A previous study showed that KDM1 enzymes, especially SPR-5, affect germline maintenance over many generations at 20 °C (Katz et al., 2009). However, we found that the severe spr-5 mutation by134 resulted in modest effects on fertility at 20 °C and that spr-5 mutants can be maintained for many generations, consistent with a recent report from the laboratory of M. Colaiacovo (Nottke et al., 2011). We suggest that the variable effects of spr-5 on germline maintenance may be allele specific, but could also be explained by factors that affect the epigenetic landscape of spr-5 strains, such as laboratory growth conditions or genetic backgrounds that were employed to perform crosses. One clear difference in the way we conducted experiments from those reported by Katz et al. (2009) is that we maintained strains in a wild-type (N2) background as much as possible. Double-mutant strains were constructed by directly crossing single-mutant strains or by using a limited number of genetic markers. Katz et al. maintained spr-5(by101) strains in a heterozygous state, balanced over hT2, a marked reciprocal translocation, prior to starting experiments. The effects of using the hT2 balancer, which has been subjected to several rounds of mutagenesis, on quantitative aspects of aging and fertility over many generations are unknown.

In our hands, much stronger effects on fertility were observed for rbr-2 and spr-5 mutants at 25 °C. Mutations in these genes are not known to be temperature sensitive, suggesting that they uncover a temperature-sensitive requirement for H3K4 demethylase activity. Due to increased molecular motion at higher temperatures, chromatin may become more open to transcription, leading to a greater requirement for proteins that facilitate transcriptional repression such as H3K4 demethylases. Alternatively, high temperature might induce the expression of stress-related genes, such as heat-shock proteins, and expression of this stress program might be tempered by the action of genes that repress transcription. A recent study has shown that the bn129 allele of the H3K4 histone methyltransferase set-2 (KMT2) has a temperature-sensitive Mrt phenotype (Xiao et al., 2011). In addition, deficiencies in synMuvB proteins elicit a larval arrest phenotype caused by failure to remodel the germline chromatin program at higher temperature (Petrella et al., 2011). Thus, high temperature may be a sensitized condition capable of detecting biological functions of chromatin-modifying proteins, such as facilitating the dynamics and/or balance of H3K4 methylation in the maintenance of fertility.

Although strains deficient for both demethylases did not exhibit strong fertility defects at 20 °C, the Mrt phenotype of spr-5; rbr-2 double mutants at 25 °C was significantly faster than that of either single mutant. It is possible that these demethylases interact with common as well as distinct genomic loci to repress transgenerational aging. Despite being able to demethylate both Me3 and Me2 from H3K4, RBR-2 plays a less important role in repressing transgenerational stress at 25 °C than SPR-5, which demethylates Me2 and Me1 (Christensen et al., 2007; Katz et al., 2009). SPR-5 may be more important than RBR-2 for promoting germ cell immortality because RBR-2 has only weak activity in removing Me2 and is more efficient at removing Me3 (Fig. 2A) (Christensen et al., 2007). Alternatively, SPR-5 may have a stronger phenotype because KDM1A enzymes can also demethylate H3K9 (Metzger et al., 2005) and other nonhistone proteins (Nicholson & Chen, 2009). Given their overlapping mutant phenotypes and the reduced levels of H3K4me2 in daf-2; rbr-2 mutants (Fig. 2), we propose that RBR-2 and SPR-5 may function sequentially on distinct H3K4 methyl marks of common histone targets to repress proliferative or postmitotic aging.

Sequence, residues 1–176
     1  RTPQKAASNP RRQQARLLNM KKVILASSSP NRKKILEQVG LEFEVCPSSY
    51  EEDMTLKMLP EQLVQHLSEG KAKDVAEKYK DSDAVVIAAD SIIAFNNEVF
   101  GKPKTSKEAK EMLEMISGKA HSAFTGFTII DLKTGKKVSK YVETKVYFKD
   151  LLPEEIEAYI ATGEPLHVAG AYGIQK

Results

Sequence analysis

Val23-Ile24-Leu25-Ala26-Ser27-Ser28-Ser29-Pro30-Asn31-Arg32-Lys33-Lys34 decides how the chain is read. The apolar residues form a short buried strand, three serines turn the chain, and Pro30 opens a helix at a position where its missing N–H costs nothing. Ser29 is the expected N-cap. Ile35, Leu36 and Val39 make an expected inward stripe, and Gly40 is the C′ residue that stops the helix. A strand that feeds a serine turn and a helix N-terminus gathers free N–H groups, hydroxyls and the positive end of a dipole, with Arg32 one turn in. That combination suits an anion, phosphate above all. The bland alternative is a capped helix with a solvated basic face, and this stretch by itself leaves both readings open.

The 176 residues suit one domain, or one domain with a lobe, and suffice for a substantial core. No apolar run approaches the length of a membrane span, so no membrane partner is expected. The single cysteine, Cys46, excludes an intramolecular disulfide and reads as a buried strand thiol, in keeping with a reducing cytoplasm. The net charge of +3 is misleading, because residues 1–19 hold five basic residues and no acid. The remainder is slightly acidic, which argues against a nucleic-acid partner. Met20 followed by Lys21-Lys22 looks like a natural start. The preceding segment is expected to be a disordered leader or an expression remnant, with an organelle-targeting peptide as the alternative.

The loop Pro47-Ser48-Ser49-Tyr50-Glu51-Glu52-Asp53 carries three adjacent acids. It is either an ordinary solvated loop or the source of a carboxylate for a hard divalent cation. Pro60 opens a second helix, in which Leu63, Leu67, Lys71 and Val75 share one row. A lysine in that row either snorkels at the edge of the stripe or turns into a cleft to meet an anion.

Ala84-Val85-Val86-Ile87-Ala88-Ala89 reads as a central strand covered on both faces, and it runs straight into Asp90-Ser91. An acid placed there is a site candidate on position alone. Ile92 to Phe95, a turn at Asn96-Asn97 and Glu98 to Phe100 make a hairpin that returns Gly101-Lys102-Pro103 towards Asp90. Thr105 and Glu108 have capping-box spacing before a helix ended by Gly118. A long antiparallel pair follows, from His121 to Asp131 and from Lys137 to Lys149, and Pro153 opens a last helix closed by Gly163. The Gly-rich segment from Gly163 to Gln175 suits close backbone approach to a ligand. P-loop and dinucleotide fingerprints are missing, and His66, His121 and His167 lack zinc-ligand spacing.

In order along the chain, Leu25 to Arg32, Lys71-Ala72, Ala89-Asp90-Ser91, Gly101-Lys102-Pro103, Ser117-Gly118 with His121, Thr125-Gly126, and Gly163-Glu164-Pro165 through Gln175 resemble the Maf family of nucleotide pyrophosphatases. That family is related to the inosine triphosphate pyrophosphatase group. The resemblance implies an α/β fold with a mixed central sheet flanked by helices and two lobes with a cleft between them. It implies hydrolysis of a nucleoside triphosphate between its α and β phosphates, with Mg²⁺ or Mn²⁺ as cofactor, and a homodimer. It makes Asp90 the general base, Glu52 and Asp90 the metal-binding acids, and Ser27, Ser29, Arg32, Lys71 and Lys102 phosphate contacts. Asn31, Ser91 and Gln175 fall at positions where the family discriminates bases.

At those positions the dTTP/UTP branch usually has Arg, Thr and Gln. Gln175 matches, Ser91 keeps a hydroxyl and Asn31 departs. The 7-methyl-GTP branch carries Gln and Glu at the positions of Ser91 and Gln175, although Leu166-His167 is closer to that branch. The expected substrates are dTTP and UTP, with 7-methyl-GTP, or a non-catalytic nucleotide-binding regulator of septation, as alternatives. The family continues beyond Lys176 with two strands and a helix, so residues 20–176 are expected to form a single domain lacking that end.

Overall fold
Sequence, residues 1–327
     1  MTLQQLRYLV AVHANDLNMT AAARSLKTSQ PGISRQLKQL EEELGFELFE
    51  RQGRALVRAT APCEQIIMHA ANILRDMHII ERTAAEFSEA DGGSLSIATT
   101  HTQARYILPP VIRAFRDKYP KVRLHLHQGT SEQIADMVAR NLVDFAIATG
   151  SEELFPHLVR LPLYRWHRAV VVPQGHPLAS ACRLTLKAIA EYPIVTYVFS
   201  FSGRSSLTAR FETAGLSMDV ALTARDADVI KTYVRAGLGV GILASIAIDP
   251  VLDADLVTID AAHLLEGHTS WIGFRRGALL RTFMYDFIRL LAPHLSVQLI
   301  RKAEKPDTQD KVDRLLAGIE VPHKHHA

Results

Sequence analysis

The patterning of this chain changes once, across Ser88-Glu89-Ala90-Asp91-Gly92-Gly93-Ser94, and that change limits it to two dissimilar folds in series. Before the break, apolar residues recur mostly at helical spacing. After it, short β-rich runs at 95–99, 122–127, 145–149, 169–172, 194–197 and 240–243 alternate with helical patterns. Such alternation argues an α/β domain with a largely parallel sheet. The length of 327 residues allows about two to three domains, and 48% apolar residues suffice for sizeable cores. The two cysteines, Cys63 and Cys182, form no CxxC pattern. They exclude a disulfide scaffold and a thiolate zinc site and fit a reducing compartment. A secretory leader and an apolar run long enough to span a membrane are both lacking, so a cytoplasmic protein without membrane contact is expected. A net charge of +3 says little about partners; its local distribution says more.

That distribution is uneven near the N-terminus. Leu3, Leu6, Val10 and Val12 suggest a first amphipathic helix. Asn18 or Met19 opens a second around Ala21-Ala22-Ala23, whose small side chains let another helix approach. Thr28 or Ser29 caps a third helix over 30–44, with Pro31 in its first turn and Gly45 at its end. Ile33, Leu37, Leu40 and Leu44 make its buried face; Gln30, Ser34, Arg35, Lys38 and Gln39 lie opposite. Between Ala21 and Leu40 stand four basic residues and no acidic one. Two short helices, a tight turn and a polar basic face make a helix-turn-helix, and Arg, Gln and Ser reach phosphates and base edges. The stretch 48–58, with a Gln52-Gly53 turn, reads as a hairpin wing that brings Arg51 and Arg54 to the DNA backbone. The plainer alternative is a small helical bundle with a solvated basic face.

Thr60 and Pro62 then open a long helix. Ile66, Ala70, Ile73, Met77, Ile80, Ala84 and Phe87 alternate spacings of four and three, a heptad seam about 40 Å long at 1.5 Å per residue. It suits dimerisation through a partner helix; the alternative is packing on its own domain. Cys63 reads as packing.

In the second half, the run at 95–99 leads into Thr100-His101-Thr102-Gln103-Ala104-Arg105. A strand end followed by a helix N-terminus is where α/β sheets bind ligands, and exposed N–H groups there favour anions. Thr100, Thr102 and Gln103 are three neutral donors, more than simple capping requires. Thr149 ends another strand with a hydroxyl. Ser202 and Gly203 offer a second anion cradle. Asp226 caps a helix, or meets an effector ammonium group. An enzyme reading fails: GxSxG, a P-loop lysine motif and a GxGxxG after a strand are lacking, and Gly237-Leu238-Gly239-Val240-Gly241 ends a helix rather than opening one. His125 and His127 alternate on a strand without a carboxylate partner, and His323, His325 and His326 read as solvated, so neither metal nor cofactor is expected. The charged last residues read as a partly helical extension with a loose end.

Our findings that RBR-2 and SPR-5 impact cell proliferation and aging in C. elegans could be relevant to human homologs of these proteins, which have been implicated in the regulation of stem cell fate and in cancer biology. For example, in embryonic stem cells, LSD1 (the human homolog of SPR-5) helps to maintain the balance between differentiation and self-renewal (Adamo et al., 2011). LSD1 has also been implicated in many cancers, and selective inhibitors of LSD1 are being investigated as possible anticancer agents (Wang et al., 2011). RBP-2, the human homolog of RBR-2, is released from promoters of genes that are expressed during cellular differentiation (Christensen et al., 2007), consistent with a role for heterochromatin in maintaining a pluripotent state. In addition, RBP-2 promotes cancer cell survival and proliferation (Roesch et al., 2010; Zeng et al., 2010; Blair et al., 2011). Given that the anti-aging roles of RBR-2 and SPR-5 in both proliferative and postmitotic aging occur under conditions of temperature stress or a daf-2 genetic background that may mimic stressful conditions, we speculate that a conserved function of H3K4 demethylases may be to repress cellular aging by modifying chromatin in response to physiological stress.

Experimental procedures


Unless noted otherwise, all strains were cultured at 20 °C on nematode growth medium (NGM) plates seeded with Escherichia coli OP50. Mutations used include dpy-24(s71) I, daf-16(mg50) I, daf-16(mu86) I, spr-5(by134) I, glp-4(bn2) I, daf-2(e1368) III, daf-2(e1370) III, unc-24(e120) IV, rbr-2(tm1231) IV, rbr-2(ok2544) IV, dpy-20(e1282) IV.

rbr-2 mutations were outcrossed vs. an unc-24 dpy-20 marker strain that itself had been outcrossed three times vs. N2 wild-type. Freshly isolated homozygous rbr-2 F2 lines were established, and nonstarved strains were used for the analysis of germ cell immortality. For longevity experiments, rbr-2 stocks that had been starved for varying periods of time after outcrossing were used. spr-5(by134) was outcrossed once vs. glp-4(bn2) and confirmed to be homozygous by DNA sequencing. Generating the double-mutant strain is found in supplemental methods.

Western blot

Worm extracts were made from the indicated daf-2 and wild-type strains by shifting 200 L4s from 15 to 25 °C and allowing them to grow for 2 days. Worms were then collected and resuspended in 2× Laemmli buffer containing 5% beta-mercaptoethanol. Samples were boiled for 10 min, and proteins were separated in a 15% SDS-PAGE gel. The gel was transferred to nitrocellulose and blotted for H3 (abcam #ab1791) to make sure samples were normalized. The blot was then stripped and probed for H3K4me3 (abcam #ab8580) as well as H3K4me2 (Millpore #07-030). Quantification was performed using ImageJ software (US National Institutes of Health, Bethesda, MD, USA).


We thank J. Mitchell, E. Jane Albert Hubbard, and Maureen Ryan for their help, and L. Leopold and R. Hubbard for assistance in statistical analysis. Some strains were provided by the CGC, which is funded by NIH Office of Research Infrastructure Programs (P40 OD010440).

Author contributions

SMA and SA designed research; SMA, GAM, and EYJ performed research; BL communicated unpublished results and provided tools; SMA, BL, and SA wrote the paper; all authors analyzed the data.


SMA and EYJ were supported by the National Institutes of Health, Training, Workforce Development, and Diversity division of the National Institute of General Medical Sciences (NIGMS) Grant K12GM000678. SMA, GAM, and SA were funded by an NIH Grant GM083048 to SA.

Conflict of interest

None declared.